DALLAS (CBSDFW.COM) – From a lack of access to treatment to a shortage of beds at state hospitals, advocates say there’s a major mental health crisis in Texas.
But Consumer Justice found thousands of qualified people who want to help, can’t. Amanda, a mother of three in Plano, is one of them.
“The official title is licensed professional counselor, and I just wanted to help people,” she said.
She went to college at UT Dallas, graduate school at UT Southwestern Medical and completed 3,000 hours as an intern before applying to become an LPC.
“We submit to the state and then we just wait.” She did not want to use her last name for fear of retribution by the state board,” she said.
That wait can be several months long, according to records obtained from the state’s Health and Human Services Commission. That means even after years of schooling and training, interns must wait months to be officially approved and get a new job. During that time, they must pay a supervisor to oversee them for four hours a month, while struggling to find employment. Many companies will not hire LPC interns without proof of licensure.
“Supervision is a fee because of the liability,” said Aeysha Holman. “If they do something wrong, the person is coming after me and my license.” Holman supervises several interns for $50 an hour. She says she’s heard of supervisors charging up to $250. Some of her interns waited eight months to become licensed.
The delay can be traced back to Austin, where, as of March, HHS had just one person dedicated to processing applications. In a report released that same month, the Sunset Commission said the state was “failing to regulate the profession and putting Texans at risk.”
The report found the professional counselor board takes around 107 days to process a license, and that a year of post-doctoral supervision is an “unnecessary hurdle, contributing to the mental health care provider shortage in Texas.” The commission says “long license approval times place practitioners in limbo, preventing them from being able to find work or potentially losing job offers.”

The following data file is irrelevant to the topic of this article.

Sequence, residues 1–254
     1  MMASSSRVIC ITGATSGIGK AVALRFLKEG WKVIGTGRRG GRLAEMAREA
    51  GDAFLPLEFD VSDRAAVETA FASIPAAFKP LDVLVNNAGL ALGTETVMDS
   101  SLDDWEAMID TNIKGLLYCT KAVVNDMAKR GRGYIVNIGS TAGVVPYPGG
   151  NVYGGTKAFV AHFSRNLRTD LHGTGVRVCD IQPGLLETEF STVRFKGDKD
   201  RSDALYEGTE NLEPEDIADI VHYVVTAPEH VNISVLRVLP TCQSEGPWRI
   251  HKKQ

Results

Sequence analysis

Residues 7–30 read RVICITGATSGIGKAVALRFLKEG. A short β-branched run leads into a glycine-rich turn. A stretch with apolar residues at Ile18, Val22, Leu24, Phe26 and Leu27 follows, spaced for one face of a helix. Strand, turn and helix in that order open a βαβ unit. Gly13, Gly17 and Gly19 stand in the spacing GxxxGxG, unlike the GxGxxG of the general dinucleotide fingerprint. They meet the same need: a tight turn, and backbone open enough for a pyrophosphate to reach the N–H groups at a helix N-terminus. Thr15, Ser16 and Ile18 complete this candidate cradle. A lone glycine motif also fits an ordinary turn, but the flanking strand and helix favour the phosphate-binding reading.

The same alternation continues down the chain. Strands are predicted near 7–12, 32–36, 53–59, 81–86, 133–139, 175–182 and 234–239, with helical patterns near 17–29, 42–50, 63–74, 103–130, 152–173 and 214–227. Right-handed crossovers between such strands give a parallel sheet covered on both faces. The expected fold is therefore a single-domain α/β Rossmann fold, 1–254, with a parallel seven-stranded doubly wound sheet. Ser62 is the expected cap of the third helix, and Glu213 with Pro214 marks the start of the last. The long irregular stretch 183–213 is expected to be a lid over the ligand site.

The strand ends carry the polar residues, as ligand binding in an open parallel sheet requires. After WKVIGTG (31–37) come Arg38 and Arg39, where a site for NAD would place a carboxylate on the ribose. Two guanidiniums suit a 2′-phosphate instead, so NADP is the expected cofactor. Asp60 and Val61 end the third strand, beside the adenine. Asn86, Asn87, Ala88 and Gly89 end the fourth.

The state’s own data puts that number much higher. Consumer Justice obtained three years of LPC application information from HHS, which showed some people waiting four to six months or more for a license. The data also inaccurately showed thousands people were granted a license the same day they applied, which HHS agrees is not possible. A check of the processing times of other states shows Texas lagging behind at least half the country.
The Sunset report lists other challenges, including:
–Staff turnover. Only 29 of the 40 positions dedicated to support the behavioral health boards are filled.
–Customer service: Staff have to divide their time between processing applications and responding to inquiries.
–Resource inefficiencies: Each board (professional counselors, marriage and family therapists, social workers, psychologists) performs its own basic functions, like accounting and IT work, instead of having an umbrella agency take care of those tasks.
In March, a spokesperson for the HHS Commission said they hired two more people to help process applications, but they would need six weeks of training. Kelli Weldon says other employees are working longer hours and some temporary staff have been brought in to answer phones and file, to help ease the backlog.
Still, Holman worries it may not be enough. “I don’t think it’s humanly possible — how many [applications] can you do in an eight-hour work day with a 30-minute lunch?” she asked. “Not two people, not three. It needs to be taken more seriously.”
The Commission is schedule to make a decision about the future of the board on May 23 or 24. Click here to weigh in on this issue.
More of the HHS statement to Consumer Justice is below:
We recognize the impact that delays have on professional license applicants, and we are taking a variety of steps to resolve them. The wait time for processing LPC upgrades was approximately 4 months when the Professional Licensing and Certification Unit transferred from DSHS to HHSC on Sept. 1, 2017. For that application type, the wait time for processing is now 2.5 months. In addition to hiring three full-time licensing staff members on March 1, we are hiring four temporary staff to assist with answering the phone and filing so our trained staff can focus on processing applications. Staff is also working extended hours to reduce the backlog, and staff outside the unit have been providing assistance. A handful of our staff volunteered their time and came to work on a scheduled holiday, President’s Day, to help with administrative work to free up time for trained staff.